My research is looking for information if permanent magnets at the highest rating of "pull" or lifting power (if that's how magnets are rated) say 50 will enable this motor to produce more torque and possibly a small increase in RPM's. I would think 20 HP would be sufficient for a 250cc or less bike conversion, but, torque seems to not be enough, according to the other thread by e-vector.

Found out that the e-assist started in 2008-2009 in the Saturn Vue hybrids. Looks like GM took a normal large case alternator and produced the e-assist from the designs adding the square wire hairpin design and making a rotor with MAGNETS. Thus, converting a later version to Permanent magnet looks very doable.

Now to see if I can find physical dimensions of both alternator motors, and, MAYBE gather magnets from older versions to put into newer version.

 If this is in the wrong place, feel free to move it.  Thanks, Harold


 

joestue

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Re: Can we discuss electric motor modding here
« Reply #1 on: January 02, 2017, 05:35:56 PM »
Fundamentally you have a problem with permanent magnet motors for Ebikes and cars, without transmissions you have a wide range of voltage produced by the motor. the rpm speed limit is set by the battery voltage. also at high speed you have a lot of eddy current losses because you can't weaken the magnetic flux.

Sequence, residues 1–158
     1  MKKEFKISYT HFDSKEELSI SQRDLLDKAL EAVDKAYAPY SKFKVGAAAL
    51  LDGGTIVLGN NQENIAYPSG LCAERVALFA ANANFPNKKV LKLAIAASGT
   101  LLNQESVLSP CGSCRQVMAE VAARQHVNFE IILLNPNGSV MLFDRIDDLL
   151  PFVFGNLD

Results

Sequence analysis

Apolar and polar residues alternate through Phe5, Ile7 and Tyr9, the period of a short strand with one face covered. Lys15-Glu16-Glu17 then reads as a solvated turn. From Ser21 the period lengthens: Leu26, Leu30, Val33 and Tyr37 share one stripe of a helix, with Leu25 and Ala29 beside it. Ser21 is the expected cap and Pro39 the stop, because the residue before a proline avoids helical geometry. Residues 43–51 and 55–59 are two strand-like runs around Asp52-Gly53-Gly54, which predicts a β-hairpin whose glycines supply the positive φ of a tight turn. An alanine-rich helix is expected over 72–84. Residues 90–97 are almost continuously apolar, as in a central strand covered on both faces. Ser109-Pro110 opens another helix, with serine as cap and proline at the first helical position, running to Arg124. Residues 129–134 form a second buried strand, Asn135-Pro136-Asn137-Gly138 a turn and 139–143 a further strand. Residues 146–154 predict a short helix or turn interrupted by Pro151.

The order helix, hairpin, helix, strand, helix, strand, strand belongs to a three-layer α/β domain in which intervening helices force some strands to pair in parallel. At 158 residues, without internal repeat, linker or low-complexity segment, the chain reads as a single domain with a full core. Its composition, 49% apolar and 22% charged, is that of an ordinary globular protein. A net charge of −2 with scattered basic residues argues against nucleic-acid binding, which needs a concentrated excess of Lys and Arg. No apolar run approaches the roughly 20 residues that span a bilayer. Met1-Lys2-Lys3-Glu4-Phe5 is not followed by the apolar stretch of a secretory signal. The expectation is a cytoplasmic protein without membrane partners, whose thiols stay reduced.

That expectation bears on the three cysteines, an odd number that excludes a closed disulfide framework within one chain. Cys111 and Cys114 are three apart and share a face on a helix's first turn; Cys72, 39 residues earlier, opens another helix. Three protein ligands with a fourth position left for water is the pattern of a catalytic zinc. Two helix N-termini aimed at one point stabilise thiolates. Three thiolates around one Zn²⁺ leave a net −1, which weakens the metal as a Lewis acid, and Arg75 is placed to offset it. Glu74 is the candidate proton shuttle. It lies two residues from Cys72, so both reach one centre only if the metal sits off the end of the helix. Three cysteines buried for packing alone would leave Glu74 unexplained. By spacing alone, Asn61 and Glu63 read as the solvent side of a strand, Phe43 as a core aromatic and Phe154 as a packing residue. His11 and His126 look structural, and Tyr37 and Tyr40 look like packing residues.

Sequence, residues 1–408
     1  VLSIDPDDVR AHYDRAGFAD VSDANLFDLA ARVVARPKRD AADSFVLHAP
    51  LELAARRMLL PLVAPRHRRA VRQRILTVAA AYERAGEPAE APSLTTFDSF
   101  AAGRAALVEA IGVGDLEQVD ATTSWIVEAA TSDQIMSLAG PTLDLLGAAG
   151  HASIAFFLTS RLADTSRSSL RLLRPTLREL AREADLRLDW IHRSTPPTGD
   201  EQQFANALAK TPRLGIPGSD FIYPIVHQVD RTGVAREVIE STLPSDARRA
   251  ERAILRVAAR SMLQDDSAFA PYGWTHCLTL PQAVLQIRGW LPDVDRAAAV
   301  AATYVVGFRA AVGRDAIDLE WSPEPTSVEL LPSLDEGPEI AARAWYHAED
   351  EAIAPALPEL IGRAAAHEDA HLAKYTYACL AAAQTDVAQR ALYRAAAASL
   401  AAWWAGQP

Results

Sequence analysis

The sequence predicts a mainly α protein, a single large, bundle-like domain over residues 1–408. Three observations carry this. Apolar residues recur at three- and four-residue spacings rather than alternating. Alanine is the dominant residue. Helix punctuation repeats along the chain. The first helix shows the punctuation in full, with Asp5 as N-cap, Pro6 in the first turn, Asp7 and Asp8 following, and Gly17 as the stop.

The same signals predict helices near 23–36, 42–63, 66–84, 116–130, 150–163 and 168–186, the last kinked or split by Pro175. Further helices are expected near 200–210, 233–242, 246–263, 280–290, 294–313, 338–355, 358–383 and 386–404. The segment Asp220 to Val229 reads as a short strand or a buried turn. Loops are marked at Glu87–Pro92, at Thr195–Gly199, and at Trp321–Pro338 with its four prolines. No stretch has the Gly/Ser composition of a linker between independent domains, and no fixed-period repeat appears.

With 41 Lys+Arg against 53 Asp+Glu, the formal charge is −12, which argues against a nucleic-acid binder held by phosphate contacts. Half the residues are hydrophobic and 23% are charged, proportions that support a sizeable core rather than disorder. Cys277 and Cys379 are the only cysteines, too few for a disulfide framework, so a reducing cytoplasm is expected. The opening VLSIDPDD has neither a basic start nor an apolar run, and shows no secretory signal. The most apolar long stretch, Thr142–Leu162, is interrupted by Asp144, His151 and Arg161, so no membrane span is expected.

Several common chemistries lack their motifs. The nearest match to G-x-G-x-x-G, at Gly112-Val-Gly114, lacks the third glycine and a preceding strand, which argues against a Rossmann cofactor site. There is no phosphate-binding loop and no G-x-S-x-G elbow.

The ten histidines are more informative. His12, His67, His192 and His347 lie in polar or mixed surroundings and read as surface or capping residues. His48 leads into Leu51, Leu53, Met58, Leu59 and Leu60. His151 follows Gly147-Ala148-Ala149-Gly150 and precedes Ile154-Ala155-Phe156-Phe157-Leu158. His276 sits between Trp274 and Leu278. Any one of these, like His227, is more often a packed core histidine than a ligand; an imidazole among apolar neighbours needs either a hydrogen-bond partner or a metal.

now there are ways to weaken the magnetic flux but no easy ways to retrofit an induction motor with magnets and add field weakening capabilities.

so, induction motors remain a fairly effective motor for vehicles. their intrinsic lower efficiency and power density compared to permanent magnet machines is well known problem, but the better steel, much higher copper fill density in hybrid cars has kept them competitive.

so i would leave it as an induction motor.

if you can't re purpose the inverter that the vehicle used to drive that motor you will need to build your own. it appears to be designed for hundreds of amps, and that's what it will take to get significant horse power out of it.

btw, that appears to be an 8 pole induction motor.

Harold in CR

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Re: Can we discuss electric motor modding here
« Reply #2 on: January 02, 2017, 08:55:20 PM »

 Thanks for your input, joestue. Much appreciated.

Harold in CR

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Re: Can we discuss electric motor modding here
« Reply #3 on: January 03, 2017, 08:28:20 AM »